Avu Font, Academy of Fine Arts in Prague

Custom Typeface 2019

Project: Avu Font

Academy of Fine Arts in Prague Custom Typeface 2019
Avu Font

Guiding Principle

01 Guiding Principle

Avu Font
Avu Font

Basic Characters

02 Basic Characters

Avu Font
Avu Font

Text vs. Display

03 Text vs. Display

Avu Font
Avu Font

Posters & Invitations

04 Posters & Invitations

Avu Font
Avu Font

Poster Detail

05 Poster Detail

Avu Font
Avu Font

Catalog Spread Preview

06 Catalog Spread Preview

Avu Font

In 2019 the Academy of Fine Arts in Prague celebrated its 220th anniversary, and the celebrations included a long-awaited renewal of its graphic visual style. To this end it announced a competition, which we and 20YY Designers were invited to take part in. Within relatively short timeframes we jointly drew up a graphical concept based on a font whose graphics would be a continuation of Milan Knížák’s thirty-year-old logo, in which the Czech lion was supplemented by heart symbols of various sizes which, in combination with a coat-of-arms, created a relatively strong-looking visual element. While we wanted to preserve this to an extent, modern times require a broader range of applications, and the then-fragmented visual identity didn’t meet current needs. When narrowing the range of options to a choice of font forms, we mainly took into account the fact that the font would appear in close proximity to applied arts, which the font shouldn’t compete with through any excessive elements, which would be superfluous at this point. We also took into account the ageing of the visual identity, which is usually planned for an extended period of time, particularly with this type of institution. So we naturally tended towards a font that was strikingly similar to Helvetica or, if you want, Neue Haas, which have a certain neutrality. However, the shapes of characters were to contain the aforementioned hearts, which were evenly distributed in some internal corners of letters. So the hearts didn’t appear at all in the curves, and, so that they were balanced throughout the text, weren’t applied everywhere. Although it may not seem this way, this font has the attributes of both text and headline fonts, and the hearts are in different sizes as required. In the text they’re small, and in headlines bigger. In the font there isn’t such a big contrast between vertical and horizontal stems so that there is an even amount of space for hearts in the corners. The font is designed as a variable font, in which the heart beats within the letters.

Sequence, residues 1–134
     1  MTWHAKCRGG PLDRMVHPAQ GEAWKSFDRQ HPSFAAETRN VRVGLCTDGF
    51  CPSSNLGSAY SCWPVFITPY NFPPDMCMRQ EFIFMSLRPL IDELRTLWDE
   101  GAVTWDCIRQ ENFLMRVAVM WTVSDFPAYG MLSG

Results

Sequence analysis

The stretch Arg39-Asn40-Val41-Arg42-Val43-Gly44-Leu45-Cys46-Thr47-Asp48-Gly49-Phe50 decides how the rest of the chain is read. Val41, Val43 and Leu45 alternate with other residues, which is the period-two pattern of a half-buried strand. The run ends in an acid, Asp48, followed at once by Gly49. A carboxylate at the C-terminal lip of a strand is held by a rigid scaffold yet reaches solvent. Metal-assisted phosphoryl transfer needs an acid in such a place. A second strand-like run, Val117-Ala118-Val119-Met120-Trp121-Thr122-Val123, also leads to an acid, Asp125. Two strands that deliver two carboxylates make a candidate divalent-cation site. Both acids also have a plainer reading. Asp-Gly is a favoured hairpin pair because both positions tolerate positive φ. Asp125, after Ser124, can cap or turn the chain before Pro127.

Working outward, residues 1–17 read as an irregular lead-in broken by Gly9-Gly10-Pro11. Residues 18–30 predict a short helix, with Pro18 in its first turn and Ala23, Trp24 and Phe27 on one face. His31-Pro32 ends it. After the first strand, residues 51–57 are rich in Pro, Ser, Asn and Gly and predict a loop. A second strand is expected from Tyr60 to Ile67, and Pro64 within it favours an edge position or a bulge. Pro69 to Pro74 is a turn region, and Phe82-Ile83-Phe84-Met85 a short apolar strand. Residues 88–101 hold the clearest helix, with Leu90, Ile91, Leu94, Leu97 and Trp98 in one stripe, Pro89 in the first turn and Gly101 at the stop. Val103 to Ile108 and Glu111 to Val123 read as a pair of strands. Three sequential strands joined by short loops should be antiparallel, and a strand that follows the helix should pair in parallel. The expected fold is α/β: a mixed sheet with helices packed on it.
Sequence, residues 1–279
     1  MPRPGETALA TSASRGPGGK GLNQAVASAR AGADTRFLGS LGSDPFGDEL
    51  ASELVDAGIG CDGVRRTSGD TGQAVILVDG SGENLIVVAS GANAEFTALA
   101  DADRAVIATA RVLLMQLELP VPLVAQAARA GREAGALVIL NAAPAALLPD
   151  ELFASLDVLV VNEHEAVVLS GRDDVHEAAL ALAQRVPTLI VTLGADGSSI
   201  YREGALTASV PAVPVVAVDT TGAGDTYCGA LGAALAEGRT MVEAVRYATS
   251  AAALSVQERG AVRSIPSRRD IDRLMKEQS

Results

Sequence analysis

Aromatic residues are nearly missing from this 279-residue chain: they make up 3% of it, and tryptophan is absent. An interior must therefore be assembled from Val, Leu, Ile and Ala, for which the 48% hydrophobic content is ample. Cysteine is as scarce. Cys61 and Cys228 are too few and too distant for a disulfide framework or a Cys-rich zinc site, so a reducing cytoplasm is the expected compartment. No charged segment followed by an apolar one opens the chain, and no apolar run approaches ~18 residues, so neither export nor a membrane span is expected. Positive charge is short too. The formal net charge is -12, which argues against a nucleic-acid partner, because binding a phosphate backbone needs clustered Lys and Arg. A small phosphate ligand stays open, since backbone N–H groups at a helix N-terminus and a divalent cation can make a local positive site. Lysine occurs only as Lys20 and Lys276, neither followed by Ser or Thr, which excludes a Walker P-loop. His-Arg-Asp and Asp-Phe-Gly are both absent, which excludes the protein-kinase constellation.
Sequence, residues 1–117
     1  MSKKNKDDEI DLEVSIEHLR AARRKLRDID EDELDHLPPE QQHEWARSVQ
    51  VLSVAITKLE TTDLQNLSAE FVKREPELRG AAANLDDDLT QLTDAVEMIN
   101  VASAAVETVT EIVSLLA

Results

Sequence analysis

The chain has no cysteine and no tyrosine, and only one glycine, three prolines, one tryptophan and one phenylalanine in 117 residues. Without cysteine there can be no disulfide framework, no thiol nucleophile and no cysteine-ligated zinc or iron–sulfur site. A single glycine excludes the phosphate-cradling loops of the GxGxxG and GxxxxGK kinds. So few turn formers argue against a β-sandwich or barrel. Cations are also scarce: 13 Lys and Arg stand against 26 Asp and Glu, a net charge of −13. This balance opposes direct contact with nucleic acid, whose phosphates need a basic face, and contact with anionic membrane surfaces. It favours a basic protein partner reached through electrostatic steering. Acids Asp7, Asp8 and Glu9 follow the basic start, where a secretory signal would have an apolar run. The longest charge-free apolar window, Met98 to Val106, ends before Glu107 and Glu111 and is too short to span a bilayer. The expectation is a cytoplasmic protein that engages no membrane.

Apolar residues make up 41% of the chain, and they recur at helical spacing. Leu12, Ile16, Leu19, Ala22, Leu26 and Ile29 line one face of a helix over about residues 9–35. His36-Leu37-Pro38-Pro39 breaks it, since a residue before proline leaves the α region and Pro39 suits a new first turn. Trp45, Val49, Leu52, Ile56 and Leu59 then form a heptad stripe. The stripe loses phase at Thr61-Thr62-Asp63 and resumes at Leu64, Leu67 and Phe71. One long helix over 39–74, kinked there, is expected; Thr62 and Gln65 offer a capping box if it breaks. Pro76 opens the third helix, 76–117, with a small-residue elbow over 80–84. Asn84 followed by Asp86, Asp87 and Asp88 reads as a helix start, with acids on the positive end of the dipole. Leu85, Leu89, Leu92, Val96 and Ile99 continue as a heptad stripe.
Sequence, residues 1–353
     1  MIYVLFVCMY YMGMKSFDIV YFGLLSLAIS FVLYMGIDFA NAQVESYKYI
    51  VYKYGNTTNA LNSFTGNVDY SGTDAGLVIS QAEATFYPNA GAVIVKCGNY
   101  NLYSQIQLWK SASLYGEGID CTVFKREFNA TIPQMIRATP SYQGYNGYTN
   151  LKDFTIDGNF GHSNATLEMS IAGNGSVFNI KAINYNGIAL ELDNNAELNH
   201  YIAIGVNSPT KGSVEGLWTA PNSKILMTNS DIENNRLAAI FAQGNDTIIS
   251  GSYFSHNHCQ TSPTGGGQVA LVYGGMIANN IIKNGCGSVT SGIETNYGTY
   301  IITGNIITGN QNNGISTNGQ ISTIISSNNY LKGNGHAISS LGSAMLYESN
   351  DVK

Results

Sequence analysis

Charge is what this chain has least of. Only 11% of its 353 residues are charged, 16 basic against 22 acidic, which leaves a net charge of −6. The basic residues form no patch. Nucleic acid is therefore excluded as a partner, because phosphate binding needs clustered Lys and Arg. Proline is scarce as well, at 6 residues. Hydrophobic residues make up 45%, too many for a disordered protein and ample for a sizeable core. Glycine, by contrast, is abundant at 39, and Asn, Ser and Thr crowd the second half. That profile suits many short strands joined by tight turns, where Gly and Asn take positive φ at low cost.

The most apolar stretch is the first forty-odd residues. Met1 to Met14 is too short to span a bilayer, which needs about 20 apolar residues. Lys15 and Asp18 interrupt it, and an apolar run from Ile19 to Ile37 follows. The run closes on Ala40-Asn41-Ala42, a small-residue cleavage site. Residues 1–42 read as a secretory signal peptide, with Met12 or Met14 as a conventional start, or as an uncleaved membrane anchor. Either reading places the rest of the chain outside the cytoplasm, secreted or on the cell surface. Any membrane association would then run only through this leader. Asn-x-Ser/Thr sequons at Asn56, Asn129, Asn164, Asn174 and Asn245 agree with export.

In 2019 the Academy of Fine Arts in Prague celebrated its 220th anniversary, and the celebrations included a long-awaited renewal of its graphic visual style. To this end it announced a competition, which we and 20YY Designers were invited to take part in. Within relatively short timeframes we jointly drew up a graphical concept based on a font whose graphics would be a continuation of Milan Knížák’s thirty-year-old logo, in which the Czech lion was supplemented by heart symbols of various sizes which, in combination with a coat-of-arms, created a relatively strong-looking visual element. While we wanted to preserve this to an extent, modern times require a broader range of applications, and the then-fragmented visual identity didn’t meet current needs. When narrowing the range of options to a choice of font forms, we mainly took into account the fact that the font would appear in close proximity to applied arts, which the font shouldn’t compete with through any excessive elements, which would be superfluous at this point. We also took into account the ageing of the visual identity, which is usually planned for an extended period of time, particularly with this type of institution. So we naturally tended towards a font that was strikingly similar to Helvetica or, if you want, Neue Haas, which have a certain neutrality. However, the shapes of characters were to contain the aforementioned hearts, which were evenly distributed in some internal corners of letters. So the hearts didn’t appear at all in the curves, and, so that they were balanced throughout the text, weren’t applied everywhere. Although it may not seem this way, this font has the attributes of both text and headline fonts, and the hearts are in different sizes as required. In the text they’re small, and in headlines bigger. In the font there isn’t such a big contrast between vertical and horizontal stems so that there is an even amount of space for hearts in the corners. The font is designed as a variable font, in which the heart beats within the letters.